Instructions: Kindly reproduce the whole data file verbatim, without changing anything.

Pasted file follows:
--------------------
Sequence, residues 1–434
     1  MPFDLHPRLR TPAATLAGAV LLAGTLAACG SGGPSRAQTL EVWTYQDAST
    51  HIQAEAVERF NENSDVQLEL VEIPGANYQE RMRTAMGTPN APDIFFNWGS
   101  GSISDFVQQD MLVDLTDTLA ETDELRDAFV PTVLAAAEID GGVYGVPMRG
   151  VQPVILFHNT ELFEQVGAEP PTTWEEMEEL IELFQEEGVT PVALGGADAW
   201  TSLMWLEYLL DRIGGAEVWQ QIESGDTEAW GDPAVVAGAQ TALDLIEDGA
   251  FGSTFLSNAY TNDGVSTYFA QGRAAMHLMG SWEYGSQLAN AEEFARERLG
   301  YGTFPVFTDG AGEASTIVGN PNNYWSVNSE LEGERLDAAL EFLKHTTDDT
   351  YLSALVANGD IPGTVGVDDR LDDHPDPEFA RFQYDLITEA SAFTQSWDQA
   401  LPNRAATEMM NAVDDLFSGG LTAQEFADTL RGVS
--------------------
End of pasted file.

Sequence, residues 1–434
     1  MPFDLHPRLR TPAATLAGAV LLAGTLAACG SGGPSRAQTL EVWTYQDAST
    51  HIQAEAVERF NENSDVQLEL VEIPGANYQE RMRTAMGTPN APDIFFNWGS
   101  GSISDFVQQD MLVDLTDTLA ETDELRDAFV PTVLAAAEID GGVYGVPMRG
   151  VQPVILFHNT ELFEQVGAEP PTTWEEMEEL IELFQEEGVT PVALGGADAW
   201  TSLMWLEYLL DRIGGAEVWQ QIESGDTEAW GDPAVVAGAQ TALDLIEDGA
   251  FGSTFLSNAY TNDGVSTYFA QGRAAMHLMG SWEYGSQLAN AEEFARERLG
   301  YGTFPVFTDG AGEASTIVGN PNNYWSVNSE LEGERLDAAL EFLKHTTDDT
   351  YLSALVANGD IPGTVGVDDR LDDHPDPEFA RFQYDLITEA SAFTQSWDQA
   401  LPNRAATEMM NAVDDLFSGG LTAQEFADTL RGVS